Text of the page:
Column: Why Biden’s Justice Dept. may disappoint the president and his voters

Head shot of Merrick Garland in front of the Department of Justice seal
Atty. Gen. Merrick Garland speaks at the Department of Justice in Washington in April.
(Mandel Ngan / Associated Press )

Many people view Atty. Gen. Merrick Garland as the polar opposite of the Trump-era attorneys general. His tenure, they expect, will be marked by the wholesale reversal of policies and practices put in place by Trump Atty. Gen. William Barr, in particular. Where the previous Justice Department zigged, Garland will zag.

It won’t work that way. Garland, a thoroughgoing institutionalist, is likely to tread cautiously. Much of what the Justice Department does under his leadership is apt to disappoint liberals hoping for a sea change.

In his nearly 75 days in office, Garland has undone some of the most blatantly political acts of his predecessors. He reinstated prior “pattern and practice” policies related to investigating police departments for rogue behavior, and he removed restrictions on federal funding for “sanctuary cities.”


But in the main, Garland, will have his eye on the long-term vitality of the Justice Department, and on the stability of the law, not on sharp reversals. It’s a lowercase “c” conservative mindset. Not incidentally, a primary mission of the Justice Department — putting bad people in jail — is itself conservative.

Here’s how former Solicitor Gen. Seth Waxman, who served with Garland (and me) in the Department of Justice in the 1990s, explains it: “When administrations change, there will be policy differences, but the attorney general, in evaluating how to negotiate those changes, is quite properly mindful of the long-term interest in stability of the law.”

We can see how such stability might play out in three issues that have confronted the Justice Department recently.

We learned last week that the department batted down an effort begun under Trump to use a grand jury subpoena to obtain the identity of a tweeter who annoys Rep. Devin Nunes (R-Tulare). To all appearances, that’s an abuse of grand jury power, and the Justice Department without fanfare withdrew it — an easy institutionalist call for reversal of field.

Second, and more complicated, there’s the Trump-era decision to seek the death penalty for Robert Bowers, the accused perpetrator of the 2018 mass shooting at the Tree of Life Synagogue in Pittsburgh, where 11 peopled were killed. Bowers has yet to be tried, but the main issue will be whether he is sentenced to death or life without parole.

President Biden campaigned in opposition to the death penalty, and we should expect that view to be reflected in his Justice Department’s policy, as Waxman indicates. Trump’s Justice Department pushed federal executions; Biden’s will not. But that doesn’t mean it will reverse itself in Bowers’ case or others already on the books. Such an about-face would be destabilizing; besides, the Tree of Life killings represent about as strong an argument for the death penalty as there could be.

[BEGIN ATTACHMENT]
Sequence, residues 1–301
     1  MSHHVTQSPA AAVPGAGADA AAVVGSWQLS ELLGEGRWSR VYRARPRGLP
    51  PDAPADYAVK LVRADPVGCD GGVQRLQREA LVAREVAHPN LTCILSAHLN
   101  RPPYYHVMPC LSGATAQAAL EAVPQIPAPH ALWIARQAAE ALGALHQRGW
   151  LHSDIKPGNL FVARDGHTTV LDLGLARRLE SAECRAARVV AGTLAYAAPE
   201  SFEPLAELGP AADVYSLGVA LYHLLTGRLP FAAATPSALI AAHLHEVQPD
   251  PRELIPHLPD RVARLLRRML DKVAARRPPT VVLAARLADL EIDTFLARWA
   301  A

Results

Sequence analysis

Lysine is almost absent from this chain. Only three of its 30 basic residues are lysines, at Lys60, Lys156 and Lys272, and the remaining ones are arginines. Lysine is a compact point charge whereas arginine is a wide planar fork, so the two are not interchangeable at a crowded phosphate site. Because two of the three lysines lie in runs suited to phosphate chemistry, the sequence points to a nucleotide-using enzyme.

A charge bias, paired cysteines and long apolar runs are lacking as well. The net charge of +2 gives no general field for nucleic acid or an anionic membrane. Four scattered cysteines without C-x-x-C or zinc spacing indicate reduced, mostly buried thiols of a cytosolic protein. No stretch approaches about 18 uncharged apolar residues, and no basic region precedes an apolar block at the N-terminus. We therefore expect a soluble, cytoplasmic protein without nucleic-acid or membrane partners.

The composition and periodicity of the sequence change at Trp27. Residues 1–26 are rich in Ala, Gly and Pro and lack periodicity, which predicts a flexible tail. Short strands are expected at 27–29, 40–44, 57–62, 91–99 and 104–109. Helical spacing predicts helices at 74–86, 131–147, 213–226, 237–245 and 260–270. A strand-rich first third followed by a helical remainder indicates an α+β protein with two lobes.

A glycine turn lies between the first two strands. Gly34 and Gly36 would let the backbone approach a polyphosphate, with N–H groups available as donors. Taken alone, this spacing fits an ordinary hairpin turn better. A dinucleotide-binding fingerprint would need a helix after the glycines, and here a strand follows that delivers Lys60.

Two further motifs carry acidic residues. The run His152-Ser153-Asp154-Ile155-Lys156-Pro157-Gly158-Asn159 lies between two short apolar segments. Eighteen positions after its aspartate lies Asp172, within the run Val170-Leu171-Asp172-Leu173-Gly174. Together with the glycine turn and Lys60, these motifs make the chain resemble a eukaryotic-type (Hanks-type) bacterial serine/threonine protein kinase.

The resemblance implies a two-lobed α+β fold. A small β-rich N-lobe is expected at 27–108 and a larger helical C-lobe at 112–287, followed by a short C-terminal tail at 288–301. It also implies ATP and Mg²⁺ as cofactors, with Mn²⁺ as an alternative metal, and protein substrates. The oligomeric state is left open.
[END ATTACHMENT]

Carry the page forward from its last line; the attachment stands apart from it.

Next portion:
Finally, consider the secret memo former Atty. Gen. Barr claims to have used to justify his controversial conclusion that the Mueller report failed to implicate Trump in obstruction of justice. This month, U.S. District Judge Amy Berman Jackson ordered the memo made public, pursuant to a Freedom of Information Act request. Will Garland’s Justice Department appeal or please Democrats and stand aside?

Jackson disagreed with the Justice Department’s position that the memo was exempt from a FOIA request because it had been part of Barr’s “deliberative process.” In Jackson’s view, Barr had made up his mind ahead of time about the president’s culpability, without benefit of the memo. There was no deliberative process, so the memo deserved no protection.

Seen only through a political lens, Jackson’s decision might seem welcome. It would release an important memo to public view with some added payback for Barr (and Trump) for what most legal observers consider is a mischaracterization of Robert S. Mueller III’s conclusions.

But that’s not the viewpoint Garland and the Justice Department will bring to the question. The department might decide not to appeal, but it would be for very different reasons.

By regulation, the decision lies first with the solicitor general, in this case acting Solicitor Gen. Elizabeth Prelogar. She is bound to collect the views of the constituencies in the department with a stake in the interpretation of the deliberative process exemption. She will be mindful that Jackson’s ruling can have little collateral impact (it is not binding on other courts), but a ruling against the exemption at the appeals level would cast a broad shadow nationwide. She will weigh how likely such a decision would be, and more importantly, how much could it weaken an exemption that the department regularly invokes.

No matter Prelogar’s decision, it is within Garland’s power to overturn it. But that kind of big-footing is itself institutionally destabilizing. It’s something I think Garland would be very reticent to do.

Overall, Garland’s Justice Department is likely to stay the course set by the previous administration in many instances. Even for partisans, that shouldn’t be bad news. Garland and company are right to be resolutely indifferent to pleasing the political instincts of the president and his followers.

Actually, the attorney general’s institutionalism should comfort Biden supporters. It’s proof that Garland zigs where Trump’s attorneys general zagged.